The career of Madame Blavatsky offers several examples of this. To take one of them, we have often been told that, in a period of her life before the founding of the Theosophical Society, she spent several years at the ashrama of her Master and obtained there a profound training in the occult. Mrs. Cleather, for example, in the foreword to her edition of The Voice of the Silence, published in Peking in 1927, says that Madame Blavatsky spent "many years of study and initiation in Tibet".
Now the biographer of Madame Blavatsky who came closest to her personally, knew her most intimately during her own lifetime, and brought to his task the warmest sympathy for all that she was and represented, was her close colleague, A.P Sinnett; and, at the time, she expressed cordial gratitude to him for the devoted effort he put into this work of writing a biographical sketch an vindication of her. Yet readers of his Incidents in the Life of Madame Blavatsky (1886) may have noticed that he says nothing about that stay of several years at the Master's ashrama in Tibet.
It was only after many years that he explained why he had drawn a veil of reticence over that whole subject. "Directly I began to handle dates", he confessed in memoirs published in 1922, "the difficulties became desperate. She had originally told us, when she first made our acquaintance at Allahabad, that she had spent three years with the Masters in Tibet; other episodes taken into account, no three years could anyhow be identified as those so spent. I had good reason to feel sure that she really had been - at some period - with the Masters in Tibet, but eventually the three years became condensed into about eleven months". (The Early Years of Theosophy in Europe, p.84)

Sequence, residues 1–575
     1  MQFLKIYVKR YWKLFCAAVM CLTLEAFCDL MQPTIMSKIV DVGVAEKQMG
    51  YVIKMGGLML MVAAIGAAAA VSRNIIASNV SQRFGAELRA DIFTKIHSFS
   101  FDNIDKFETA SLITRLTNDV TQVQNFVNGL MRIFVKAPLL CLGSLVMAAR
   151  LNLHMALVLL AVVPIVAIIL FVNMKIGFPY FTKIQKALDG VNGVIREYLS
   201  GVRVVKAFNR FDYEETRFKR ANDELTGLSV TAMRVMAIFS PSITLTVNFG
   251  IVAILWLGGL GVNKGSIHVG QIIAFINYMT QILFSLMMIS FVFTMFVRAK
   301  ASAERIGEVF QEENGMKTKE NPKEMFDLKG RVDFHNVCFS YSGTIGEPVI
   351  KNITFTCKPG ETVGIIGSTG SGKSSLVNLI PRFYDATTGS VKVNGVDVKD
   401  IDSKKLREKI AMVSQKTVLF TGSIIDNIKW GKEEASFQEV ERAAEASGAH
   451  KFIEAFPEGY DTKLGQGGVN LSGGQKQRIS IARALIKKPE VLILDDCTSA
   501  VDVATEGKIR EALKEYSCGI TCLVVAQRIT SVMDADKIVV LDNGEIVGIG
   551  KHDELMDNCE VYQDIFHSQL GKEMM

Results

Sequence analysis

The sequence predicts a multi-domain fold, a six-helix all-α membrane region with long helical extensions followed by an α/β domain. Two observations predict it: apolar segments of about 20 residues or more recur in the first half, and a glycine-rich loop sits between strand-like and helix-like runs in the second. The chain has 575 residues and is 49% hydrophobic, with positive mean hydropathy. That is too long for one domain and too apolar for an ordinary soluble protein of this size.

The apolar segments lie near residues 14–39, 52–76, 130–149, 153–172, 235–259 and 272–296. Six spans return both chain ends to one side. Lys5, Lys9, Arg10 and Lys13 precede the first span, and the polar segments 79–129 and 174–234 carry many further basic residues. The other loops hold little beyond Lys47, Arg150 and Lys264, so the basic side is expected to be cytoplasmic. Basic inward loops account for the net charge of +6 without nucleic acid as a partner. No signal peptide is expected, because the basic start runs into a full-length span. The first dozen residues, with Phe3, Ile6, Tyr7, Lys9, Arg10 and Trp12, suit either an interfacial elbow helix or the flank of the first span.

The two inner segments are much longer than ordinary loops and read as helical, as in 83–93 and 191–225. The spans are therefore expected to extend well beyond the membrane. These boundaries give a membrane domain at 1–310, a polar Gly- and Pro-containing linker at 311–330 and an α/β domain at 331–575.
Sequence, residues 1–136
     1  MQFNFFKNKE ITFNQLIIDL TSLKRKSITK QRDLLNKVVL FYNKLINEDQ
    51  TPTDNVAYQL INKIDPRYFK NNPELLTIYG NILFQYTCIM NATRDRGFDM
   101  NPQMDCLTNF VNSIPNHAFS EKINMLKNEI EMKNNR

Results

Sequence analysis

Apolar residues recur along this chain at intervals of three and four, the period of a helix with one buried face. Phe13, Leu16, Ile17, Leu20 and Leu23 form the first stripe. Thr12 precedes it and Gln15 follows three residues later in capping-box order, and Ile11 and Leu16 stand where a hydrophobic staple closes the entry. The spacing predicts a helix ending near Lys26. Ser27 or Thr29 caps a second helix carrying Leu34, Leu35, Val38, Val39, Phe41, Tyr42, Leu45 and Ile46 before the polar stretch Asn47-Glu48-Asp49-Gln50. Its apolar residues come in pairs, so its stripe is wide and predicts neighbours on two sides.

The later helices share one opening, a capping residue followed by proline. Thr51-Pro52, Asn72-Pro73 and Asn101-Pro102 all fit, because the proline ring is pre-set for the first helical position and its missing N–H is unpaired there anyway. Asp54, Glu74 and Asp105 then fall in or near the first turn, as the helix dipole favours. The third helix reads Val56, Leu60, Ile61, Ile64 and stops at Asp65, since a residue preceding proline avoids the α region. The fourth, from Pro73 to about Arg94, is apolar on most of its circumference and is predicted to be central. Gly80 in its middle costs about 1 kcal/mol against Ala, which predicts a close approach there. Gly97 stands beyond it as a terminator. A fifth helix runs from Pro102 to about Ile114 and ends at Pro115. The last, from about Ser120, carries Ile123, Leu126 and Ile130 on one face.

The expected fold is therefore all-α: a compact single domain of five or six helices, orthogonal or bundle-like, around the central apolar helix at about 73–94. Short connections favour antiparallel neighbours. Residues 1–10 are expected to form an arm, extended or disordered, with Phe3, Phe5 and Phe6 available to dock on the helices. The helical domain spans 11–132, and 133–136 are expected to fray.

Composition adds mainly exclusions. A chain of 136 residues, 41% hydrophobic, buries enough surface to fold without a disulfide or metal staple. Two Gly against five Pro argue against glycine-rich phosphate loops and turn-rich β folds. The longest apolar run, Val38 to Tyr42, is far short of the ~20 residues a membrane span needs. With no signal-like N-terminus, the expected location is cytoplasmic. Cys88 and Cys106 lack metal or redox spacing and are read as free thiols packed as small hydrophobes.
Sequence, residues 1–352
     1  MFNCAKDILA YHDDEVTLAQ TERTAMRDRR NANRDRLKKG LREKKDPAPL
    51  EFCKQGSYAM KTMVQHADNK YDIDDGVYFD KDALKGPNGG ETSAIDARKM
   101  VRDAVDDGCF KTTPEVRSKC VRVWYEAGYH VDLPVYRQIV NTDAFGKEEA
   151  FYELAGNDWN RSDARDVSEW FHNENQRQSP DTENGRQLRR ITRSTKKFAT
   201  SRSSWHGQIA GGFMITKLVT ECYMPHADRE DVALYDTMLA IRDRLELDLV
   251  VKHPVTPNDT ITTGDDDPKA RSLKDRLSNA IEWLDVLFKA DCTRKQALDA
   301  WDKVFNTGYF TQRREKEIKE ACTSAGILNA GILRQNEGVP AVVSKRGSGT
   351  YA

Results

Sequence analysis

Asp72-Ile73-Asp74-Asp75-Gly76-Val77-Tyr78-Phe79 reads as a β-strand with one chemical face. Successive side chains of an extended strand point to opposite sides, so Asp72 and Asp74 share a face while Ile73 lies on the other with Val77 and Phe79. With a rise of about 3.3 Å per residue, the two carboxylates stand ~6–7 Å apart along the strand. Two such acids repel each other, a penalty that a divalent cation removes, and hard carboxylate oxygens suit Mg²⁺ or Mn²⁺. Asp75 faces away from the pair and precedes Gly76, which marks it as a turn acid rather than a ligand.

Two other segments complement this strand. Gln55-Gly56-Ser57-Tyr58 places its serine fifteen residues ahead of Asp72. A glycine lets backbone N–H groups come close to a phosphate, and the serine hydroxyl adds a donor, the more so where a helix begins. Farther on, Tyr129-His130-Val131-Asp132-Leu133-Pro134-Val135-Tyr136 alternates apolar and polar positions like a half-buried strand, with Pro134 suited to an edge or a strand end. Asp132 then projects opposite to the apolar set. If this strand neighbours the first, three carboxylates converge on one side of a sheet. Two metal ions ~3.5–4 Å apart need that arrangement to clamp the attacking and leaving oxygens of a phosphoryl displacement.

One can understand how, with her temperament, Madame Blavatsky could hardly fail to extend the time scale of an experience which had profoundly influenced and transformed her. But those who write about her afterwards are thrown back largely upon a personal judgment or a personal intuition. Those who, like Sinnett, or like the writer of this article, believe that she had an encounter and s sojourn which deeply influenced her can assert this on little more than the basis of a unique value that they attach to her later work and career and a personal readiness to attribute some credibility to the words of one who was undoubtedly much inclined to enhance meagre fact by giving it color and extension which others could not find in it. But many who take a less sympathetic view of her will write the whole thing off as fabrication, and have indeed done so .
Yet what Madame Blavatsky often did was something that nearly all of us do. We remember events by their significance in our own lives rather than by their factual details. And we sometimes do this more as we become older. Colonel Olcott did it when, in several instances in his Old Diary Leaves, he telescoped events or put them in a wrong chronological order. He had remembered what had seemed to him to be the effects and significance of the events but their precise details.